But Fletcher had crossed paths with the Jarvis family before and, by his own account, had been skeptical about their business endeavors. Fletcher said he first met Nick Jarvis at a Tomball bowling alley owned by Nick’s brother John Jarvis. Nick managed the bowling alley, and Lois Newman ran the counter. John had incorporated a series of penny stock companies in Montgomery County over the years, hawking a variety of ventures: independent films, casinos, online gambling—even a data center to be built in a renovated underground nuclear fallout shelter. Fletcher told me that in 2004, John brought him a business proposition, offering to help him raise money from investors by merging RPM into a publicly traded shell company known as LitFiber. It was essentially the same type of deal that Nick would bring Fletcher two and a half years later. Fletcher said that he got out of the deal with John because he didn’t like the way he was promoting the new enterprise—issuing press releases in support of the stock that Fletcher considered false, or at least greatly exaggerated. In other words, Fletcher now says he felt he was being drawn into a scam very similar to the one described in the federal complaint against Grifco and NuTech. In fact, according to a Harris County search warrant affidavit, the same shell company John offered to Fletcher was eventually used to acquire Coil Tubing. (John, who could not be reached for this story, has also had trouble with the law, having been convicted of felony check forgery in the late eighties. Fletcher told me he was unaware of this fact.)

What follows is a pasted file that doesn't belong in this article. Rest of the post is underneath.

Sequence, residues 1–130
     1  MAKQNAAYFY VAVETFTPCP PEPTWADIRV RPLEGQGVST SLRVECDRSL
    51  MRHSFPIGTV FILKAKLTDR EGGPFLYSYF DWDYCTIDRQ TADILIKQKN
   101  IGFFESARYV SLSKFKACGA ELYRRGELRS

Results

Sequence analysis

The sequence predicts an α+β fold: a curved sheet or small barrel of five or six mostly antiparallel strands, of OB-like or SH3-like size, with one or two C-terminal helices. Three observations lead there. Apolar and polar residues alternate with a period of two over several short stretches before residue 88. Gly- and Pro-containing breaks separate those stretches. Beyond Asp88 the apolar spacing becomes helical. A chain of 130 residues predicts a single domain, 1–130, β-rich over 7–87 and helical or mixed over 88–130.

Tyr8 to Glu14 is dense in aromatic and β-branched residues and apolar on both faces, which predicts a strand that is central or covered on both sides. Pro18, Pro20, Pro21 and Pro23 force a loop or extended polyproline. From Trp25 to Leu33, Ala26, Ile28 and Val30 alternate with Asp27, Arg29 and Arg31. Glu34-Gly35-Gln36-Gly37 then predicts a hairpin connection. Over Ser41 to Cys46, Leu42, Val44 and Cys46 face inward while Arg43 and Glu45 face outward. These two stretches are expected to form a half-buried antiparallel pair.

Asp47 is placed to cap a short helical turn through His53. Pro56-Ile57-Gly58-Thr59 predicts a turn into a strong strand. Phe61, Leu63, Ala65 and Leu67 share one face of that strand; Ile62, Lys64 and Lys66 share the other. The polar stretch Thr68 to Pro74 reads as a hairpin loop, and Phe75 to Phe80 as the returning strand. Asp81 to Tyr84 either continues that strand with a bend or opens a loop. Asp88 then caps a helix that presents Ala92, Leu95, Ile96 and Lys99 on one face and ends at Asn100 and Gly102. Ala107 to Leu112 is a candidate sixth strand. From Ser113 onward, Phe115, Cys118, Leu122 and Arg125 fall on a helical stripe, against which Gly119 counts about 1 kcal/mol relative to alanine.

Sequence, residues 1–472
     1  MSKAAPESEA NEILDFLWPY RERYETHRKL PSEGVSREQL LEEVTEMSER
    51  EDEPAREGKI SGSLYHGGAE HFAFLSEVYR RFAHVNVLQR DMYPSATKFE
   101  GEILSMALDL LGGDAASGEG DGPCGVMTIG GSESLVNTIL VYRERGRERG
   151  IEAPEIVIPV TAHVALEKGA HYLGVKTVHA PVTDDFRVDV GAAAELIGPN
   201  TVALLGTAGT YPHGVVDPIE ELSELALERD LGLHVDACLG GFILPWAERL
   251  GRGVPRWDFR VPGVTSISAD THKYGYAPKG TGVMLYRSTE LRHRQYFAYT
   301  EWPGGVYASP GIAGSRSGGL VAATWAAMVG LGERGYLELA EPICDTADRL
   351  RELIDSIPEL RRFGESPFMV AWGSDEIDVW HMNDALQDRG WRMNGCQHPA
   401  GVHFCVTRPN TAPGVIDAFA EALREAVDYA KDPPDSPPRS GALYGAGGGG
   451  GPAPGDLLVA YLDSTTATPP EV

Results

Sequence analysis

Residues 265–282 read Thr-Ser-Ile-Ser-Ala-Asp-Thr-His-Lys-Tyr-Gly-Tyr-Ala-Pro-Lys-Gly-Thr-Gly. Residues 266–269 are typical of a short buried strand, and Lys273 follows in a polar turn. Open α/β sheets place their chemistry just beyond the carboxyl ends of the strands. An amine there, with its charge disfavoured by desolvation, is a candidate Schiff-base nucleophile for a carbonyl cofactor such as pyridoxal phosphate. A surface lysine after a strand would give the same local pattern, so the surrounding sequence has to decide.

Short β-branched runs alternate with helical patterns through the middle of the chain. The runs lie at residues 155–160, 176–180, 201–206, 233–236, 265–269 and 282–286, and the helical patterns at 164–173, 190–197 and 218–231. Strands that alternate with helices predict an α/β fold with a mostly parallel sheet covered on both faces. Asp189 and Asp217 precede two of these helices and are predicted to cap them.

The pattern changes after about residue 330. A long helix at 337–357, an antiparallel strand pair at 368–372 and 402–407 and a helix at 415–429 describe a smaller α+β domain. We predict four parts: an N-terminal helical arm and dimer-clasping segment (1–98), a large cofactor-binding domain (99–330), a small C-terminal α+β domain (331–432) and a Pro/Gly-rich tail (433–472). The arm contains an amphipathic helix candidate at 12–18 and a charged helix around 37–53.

Why would Fletcher agree to do business with Nick Jarvis if he felt he had just been burned in an almost identical deal by his brother John Jarvis? At the time Fletcher said yes to Nick’s deal, he was also being sued by a businessman named James Buchanan in Massachusetts, who claimed that Fletcher and a Miami investment broker named Mychal Jefferson had tried to defraud him in another effort to raise capital for RPM. Fletcher said that Nick told him he was no longer doing business with his brother John because the two had had a falling out. Fletcher explained: “He says, ‘Look, I know you’ve been burned. You walked away from John’s deal. And I know that you got burned on the Buchanan deal. I’m telling you that if you get with somebody that’s legitimate, like me, we can make this happen.’ ” Fletcher said that he and his business partner had had the deal vetted by an attorney and decided to go ahead with it. The contract Fletcher signed was countersigned by Newman, who was handing out shoes at the bowling alley when Fletcher first met her. Her title was now NuTech president.